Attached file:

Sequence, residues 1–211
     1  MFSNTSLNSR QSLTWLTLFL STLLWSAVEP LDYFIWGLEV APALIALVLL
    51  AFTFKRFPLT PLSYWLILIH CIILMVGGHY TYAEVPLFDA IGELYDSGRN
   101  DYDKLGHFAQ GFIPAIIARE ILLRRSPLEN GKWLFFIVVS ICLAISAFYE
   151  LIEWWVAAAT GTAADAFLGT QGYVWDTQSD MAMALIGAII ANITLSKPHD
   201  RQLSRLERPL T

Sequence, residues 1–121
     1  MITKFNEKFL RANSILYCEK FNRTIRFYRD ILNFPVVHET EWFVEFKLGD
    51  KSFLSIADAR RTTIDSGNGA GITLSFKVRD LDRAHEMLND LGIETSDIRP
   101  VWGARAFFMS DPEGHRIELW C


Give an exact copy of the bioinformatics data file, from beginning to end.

Sequence, residues 1–211
     1  MFSNTSLNSR QSLTWLTLFL STLLWSAVEP LDYFIWGLEV APALIALVLL
    51  AFTFKRFPLT PLSYWLILIH CIILMVGGHY TYAEVPLFDA IGELYDSGRN
   101  DYDKLGHFAQ GFIPAIIARE ILLRRSPLEN GKWLFFIVVS ICLAISAFYE
   151  LIEWWVAAAT GTAADAFLGT QGYVWDTQSD MAMALIGAII ANITLSKPHD
   201  RQLSRLERPL T

Sequence, residues 1–121
     1  MITKFNEKFL RANSILYCEK FNRTIRFYRD ILNFPVVHET EWFVEFKLGD
    51  KSFLSIADAR RTTIDSGNGA GITLSFKVRD LDRAHEMLND LGIETSDIRP
   101  VWGARAFFMS DPEGHRIELW C